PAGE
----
About Ruben Abrahams Brosbe

Ruben Brosbe is a 3rd grade teacher in Harlem, New York City. He is passionate about social justice oriented project based learning, and finds that young people make the best activists. He is a co-founder of Teach Resistance, an online community for social justice and anti-bias elementary educators. He is also the founder and host of Teachable Moments, a live storytelling event featuring stories by former and current educators.

Do your students use a lot of slang? Does it bother you? You’re not alone.

We teachers often see ourselves as defenders of intellectualism, and language is the vanguard of that defense. We see slang as yet another example of society’s decline, our unstoppable march toward know-nothingness, along with Snapchat and celebrity driven culture.

This view is ahistorical of course, forgetting that slang has always been a part of our evolving language. Shakespeare is credited for having made up thousands of words and nobody’s doubting his intellect. And also, humans are complex. We are capable of both using slang and demonstrating “more serious” thought.

Regardless, teachers often play into the generational trap of shaking our heads disapprovingly at our youth. Unfortunately, this disapproval is weighted differently for different populations.

The other day I was in the park with a group of students. While I pushed a group of 5th graders around in a circle on a tire swing as hard as I could, they screamed with joy. Another 5th grader shouted from the sidelines, “It’s lit!”

Not sure what that means? Don’t worry, we’ll get to that.

But first let’s pause to consider that this was said by a Black boy who also happens to be labeled as a difficult student. Over the past few years, I’ve heard his name discussed with tones of exasperation and dismissal. “He just care at all.” Accompanying this (false) narrative of apathy is a conception that he doesn’t know how to express himself (i.e. He’s “inarticulate”).

But clearly he does have the means to express himself. Not only that, he does so in a language (slang) that isn’t universal. His downfall is that his fluent language isn’t one that is valued by his school or dominant society.

Well, at least not when it’s used by someone who looks like him.

The thing about slang, particularly slang from young Black people, is that it is actually highly prized in certain contexts.

If you use Twitter or other forms of social media the influence of “urban” dialects is unavoidable. And what starts in the domain of a trending hashtag in the world of Black Twitter inevitably finds its way (awkwardly) into the hands of some PR or marketing intern.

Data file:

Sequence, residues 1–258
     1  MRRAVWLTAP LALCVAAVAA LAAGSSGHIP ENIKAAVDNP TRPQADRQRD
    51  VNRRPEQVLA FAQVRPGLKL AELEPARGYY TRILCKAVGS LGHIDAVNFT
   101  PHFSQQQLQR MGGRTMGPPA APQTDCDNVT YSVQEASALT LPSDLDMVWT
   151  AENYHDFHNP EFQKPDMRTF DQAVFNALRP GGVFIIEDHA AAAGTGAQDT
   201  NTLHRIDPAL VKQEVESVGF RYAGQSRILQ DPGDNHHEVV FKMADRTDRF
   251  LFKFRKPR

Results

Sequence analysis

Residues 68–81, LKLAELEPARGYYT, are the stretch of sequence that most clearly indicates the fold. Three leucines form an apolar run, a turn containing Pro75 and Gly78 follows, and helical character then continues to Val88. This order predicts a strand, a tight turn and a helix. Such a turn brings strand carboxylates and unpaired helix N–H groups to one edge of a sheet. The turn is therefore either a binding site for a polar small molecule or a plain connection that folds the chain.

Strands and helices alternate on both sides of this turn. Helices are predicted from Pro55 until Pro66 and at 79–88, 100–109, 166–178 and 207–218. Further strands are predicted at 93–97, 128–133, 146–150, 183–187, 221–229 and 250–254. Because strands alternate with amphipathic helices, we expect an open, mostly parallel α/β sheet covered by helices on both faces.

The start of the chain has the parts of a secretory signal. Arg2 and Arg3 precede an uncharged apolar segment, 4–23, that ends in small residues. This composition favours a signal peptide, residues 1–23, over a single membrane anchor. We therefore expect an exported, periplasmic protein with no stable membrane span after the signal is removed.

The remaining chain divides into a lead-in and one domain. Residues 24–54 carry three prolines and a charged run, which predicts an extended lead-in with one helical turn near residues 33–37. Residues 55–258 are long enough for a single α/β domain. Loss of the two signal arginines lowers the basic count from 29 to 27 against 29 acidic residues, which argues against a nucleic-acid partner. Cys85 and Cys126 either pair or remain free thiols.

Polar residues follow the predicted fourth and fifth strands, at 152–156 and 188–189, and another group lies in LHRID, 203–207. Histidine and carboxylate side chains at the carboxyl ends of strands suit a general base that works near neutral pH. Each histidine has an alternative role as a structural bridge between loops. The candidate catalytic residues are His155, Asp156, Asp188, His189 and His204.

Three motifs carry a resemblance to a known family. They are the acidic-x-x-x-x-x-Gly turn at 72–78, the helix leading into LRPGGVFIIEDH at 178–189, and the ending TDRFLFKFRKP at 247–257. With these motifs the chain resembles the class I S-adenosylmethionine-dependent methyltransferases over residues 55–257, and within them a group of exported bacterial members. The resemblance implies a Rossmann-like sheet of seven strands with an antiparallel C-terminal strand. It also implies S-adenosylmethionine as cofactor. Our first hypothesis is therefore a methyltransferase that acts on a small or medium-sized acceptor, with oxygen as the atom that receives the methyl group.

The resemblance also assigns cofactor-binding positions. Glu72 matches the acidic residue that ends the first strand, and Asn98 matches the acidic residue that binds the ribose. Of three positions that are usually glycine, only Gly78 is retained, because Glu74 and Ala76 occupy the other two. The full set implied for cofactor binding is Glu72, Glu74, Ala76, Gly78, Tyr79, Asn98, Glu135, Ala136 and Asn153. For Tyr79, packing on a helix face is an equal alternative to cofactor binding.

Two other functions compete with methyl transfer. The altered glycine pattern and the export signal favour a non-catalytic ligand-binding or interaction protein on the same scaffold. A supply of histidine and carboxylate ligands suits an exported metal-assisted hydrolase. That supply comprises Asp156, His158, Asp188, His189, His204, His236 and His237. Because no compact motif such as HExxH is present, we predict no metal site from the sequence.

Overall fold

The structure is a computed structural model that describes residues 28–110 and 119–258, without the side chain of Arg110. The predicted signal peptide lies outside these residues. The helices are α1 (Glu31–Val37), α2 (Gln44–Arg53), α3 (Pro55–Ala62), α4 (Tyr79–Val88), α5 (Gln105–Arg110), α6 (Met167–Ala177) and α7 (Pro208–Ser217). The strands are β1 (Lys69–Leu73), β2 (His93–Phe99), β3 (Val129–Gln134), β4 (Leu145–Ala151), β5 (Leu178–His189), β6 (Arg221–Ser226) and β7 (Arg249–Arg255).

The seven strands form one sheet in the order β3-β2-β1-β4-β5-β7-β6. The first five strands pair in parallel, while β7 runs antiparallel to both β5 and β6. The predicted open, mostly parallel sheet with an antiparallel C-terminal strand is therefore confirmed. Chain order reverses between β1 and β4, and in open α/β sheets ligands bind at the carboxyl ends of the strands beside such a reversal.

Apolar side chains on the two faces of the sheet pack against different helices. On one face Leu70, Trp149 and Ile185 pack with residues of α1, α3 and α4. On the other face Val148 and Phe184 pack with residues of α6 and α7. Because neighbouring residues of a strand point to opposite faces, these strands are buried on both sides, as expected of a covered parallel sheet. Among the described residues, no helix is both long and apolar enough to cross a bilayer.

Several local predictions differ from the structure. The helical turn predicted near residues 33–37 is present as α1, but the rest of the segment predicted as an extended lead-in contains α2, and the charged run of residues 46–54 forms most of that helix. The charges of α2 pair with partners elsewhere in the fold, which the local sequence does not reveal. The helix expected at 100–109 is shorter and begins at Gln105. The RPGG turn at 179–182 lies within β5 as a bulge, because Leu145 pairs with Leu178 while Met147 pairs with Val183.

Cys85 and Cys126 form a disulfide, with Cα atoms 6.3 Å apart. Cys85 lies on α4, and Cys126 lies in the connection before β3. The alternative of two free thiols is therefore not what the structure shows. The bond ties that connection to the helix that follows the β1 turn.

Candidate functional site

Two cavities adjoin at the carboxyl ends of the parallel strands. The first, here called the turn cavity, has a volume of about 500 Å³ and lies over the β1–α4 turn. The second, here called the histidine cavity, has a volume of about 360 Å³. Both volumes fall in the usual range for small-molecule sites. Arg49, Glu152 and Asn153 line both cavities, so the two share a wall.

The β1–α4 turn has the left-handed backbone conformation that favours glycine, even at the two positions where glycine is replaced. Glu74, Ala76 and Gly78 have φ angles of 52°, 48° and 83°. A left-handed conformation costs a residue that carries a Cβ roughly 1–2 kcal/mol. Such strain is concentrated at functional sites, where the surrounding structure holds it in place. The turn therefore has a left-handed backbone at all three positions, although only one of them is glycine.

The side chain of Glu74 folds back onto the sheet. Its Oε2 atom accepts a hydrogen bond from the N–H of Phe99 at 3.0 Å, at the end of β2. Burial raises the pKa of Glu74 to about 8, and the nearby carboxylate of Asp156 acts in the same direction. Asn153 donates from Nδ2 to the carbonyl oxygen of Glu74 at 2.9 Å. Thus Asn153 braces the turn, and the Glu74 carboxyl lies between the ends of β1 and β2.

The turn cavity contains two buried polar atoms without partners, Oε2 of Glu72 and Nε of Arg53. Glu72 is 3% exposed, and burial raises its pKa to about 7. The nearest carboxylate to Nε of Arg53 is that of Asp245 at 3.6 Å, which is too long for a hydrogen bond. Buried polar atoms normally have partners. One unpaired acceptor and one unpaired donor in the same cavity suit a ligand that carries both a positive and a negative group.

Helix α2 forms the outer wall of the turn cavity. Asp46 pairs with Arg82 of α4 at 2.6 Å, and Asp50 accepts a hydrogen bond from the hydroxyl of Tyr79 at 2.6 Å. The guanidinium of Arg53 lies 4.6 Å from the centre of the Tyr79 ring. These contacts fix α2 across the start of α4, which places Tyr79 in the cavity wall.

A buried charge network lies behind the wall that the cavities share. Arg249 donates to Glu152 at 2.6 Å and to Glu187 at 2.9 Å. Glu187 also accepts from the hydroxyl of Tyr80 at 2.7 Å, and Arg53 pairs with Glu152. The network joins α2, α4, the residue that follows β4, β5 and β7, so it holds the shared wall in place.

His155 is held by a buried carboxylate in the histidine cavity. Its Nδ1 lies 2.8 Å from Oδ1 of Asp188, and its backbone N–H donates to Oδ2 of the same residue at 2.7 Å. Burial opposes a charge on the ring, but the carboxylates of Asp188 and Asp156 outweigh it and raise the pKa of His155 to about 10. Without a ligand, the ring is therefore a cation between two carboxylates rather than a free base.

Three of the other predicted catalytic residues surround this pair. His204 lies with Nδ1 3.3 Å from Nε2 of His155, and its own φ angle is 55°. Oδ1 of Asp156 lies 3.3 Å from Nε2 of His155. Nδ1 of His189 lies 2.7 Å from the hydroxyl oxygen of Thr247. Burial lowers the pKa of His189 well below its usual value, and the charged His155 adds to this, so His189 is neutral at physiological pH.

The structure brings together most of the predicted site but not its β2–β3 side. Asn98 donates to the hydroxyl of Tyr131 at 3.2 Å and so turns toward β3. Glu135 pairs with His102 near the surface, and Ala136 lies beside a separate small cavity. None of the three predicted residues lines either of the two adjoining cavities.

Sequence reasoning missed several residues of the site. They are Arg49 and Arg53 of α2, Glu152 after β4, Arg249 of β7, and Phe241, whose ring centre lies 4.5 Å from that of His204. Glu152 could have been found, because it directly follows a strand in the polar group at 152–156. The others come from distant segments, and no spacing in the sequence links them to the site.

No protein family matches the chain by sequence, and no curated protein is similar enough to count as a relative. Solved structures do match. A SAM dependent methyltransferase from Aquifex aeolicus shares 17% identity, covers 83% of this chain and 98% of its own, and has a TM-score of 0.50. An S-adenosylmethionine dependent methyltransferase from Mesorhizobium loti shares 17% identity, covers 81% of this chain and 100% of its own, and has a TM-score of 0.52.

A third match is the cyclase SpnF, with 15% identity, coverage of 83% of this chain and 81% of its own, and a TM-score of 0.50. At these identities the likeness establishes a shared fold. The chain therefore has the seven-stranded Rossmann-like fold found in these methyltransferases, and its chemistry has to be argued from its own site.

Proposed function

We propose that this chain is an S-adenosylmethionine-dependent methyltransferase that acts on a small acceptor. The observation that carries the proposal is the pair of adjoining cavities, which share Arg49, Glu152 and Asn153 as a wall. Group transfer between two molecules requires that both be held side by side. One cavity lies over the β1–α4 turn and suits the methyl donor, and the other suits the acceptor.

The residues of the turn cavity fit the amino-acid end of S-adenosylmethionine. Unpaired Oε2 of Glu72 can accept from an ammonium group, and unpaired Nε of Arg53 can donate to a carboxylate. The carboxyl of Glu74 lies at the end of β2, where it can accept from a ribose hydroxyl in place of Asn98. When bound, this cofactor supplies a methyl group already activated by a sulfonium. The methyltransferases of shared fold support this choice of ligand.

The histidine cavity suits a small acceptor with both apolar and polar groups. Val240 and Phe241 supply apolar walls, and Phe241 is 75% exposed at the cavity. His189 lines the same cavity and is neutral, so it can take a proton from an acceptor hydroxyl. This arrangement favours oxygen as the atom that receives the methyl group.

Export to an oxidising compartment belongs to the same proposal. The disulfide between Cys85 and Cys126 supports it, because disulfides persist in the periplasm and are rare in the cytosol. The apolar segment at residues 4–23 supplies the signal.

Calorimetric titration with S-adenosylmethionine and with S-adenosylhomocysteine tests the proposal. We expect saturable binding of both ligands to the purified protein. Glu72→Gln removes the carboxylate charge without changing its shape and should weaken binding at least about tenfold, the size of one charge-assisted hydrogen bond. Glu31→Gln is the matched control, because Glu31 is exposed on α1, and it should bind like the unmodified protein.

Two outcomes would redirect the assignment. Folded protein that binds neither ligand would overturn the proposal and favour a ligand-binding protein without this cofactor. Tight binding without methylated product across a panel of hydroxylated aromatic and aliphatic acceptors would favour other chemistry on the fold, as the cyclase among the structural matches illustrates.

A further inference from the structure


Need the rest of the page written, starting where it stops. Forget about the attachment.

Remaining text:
<blockquote class=”twitter-tweet” data-lang=”en”><p lang=”en” dir=”ltr”>Pancakes on fleek.</p>&mdash; IHOP (@IHOP) <a href=”https://twitter.com/IHOP/status/524606157110120448″>October 21, 2014</a></blockquote>
<script async src=”//platform.twitter.com/widgets.js” charset=”utf-8″></script>

Young, white, middle-class people, particularly those living in cities, (i.e. The people both doing the marketing and being marketed to on social media) can’t get enough of Black slang! It seems like the quicker terminology is invented the quicker its coopted. “On fleek,” “squad,” and “keep it 100” are just a few recent examples.

So what we have is a reality where somewhere in New York City or San Francisco there’s a 20-something is getting paid $60,000 a year to run a Twitter account using the same slang my students stopped using 6 months ago.

It’s all a part of the same pattern: our country loves Black culture but it hates Black people.

Young white middle-class teachers who enter urban schools can often perpetuate this problem. Teachers College, Columbia University professor Chris Emdin describes this phenomenon in For White Folks Who Teach in the Hood…and the Rest of Y’All Too:

“A white female urban schoolteacher from an affluent background once told me that whenever she gets together with her friends, they say she’s “been in the ghetto with the black kids for too long” because of her frequent use of “street slang.” She giggled as she admitted that she sometimes “uses the kids’ phrases on purpose” to get a reaction from her friends.”

Meanwhile, inside our classrooms we expect their students to communicate using impeccable “proper” English. As Emdin explains, we look down upon our students who don’t fully grasp conventional academic English.

This isn’t to say we should substitute slang for academic language in our classrooms (except perhaps when necessary to engage students or help them see analogies). Removing the expectation of academic language creates another problem where in the name of cultural competence we still hold our kids back by withholding the means to decipher and utilize the language of power. We should respect the language the students bring to our classrooms, but we must also teach them the language they need to navigate broader, white-centered society.

Rather, my point is that we tend to ignore slang, as well as most other forms of Black and Brown knowledge, as a skill set our students hold. In doing so we continue to view our students as deficient. Instead we have to recognize the many things they know that just aren’t valued. It’s particularly frustrating to see slang fall into this category when it’s so readily employed by major companies for commercial purposes.

When the 5th grader on the playground said, “It’s lit,” he was just saying that things were getting exciting. But he said it in a way that was succinct, metaphorical, and more natural to his identity.

He also said it in a way that is likely incomprehensible to many white teachers. Unfortunately, he’s likely the only one who will be labeled uneducated for what he doesn’t know.

value their language

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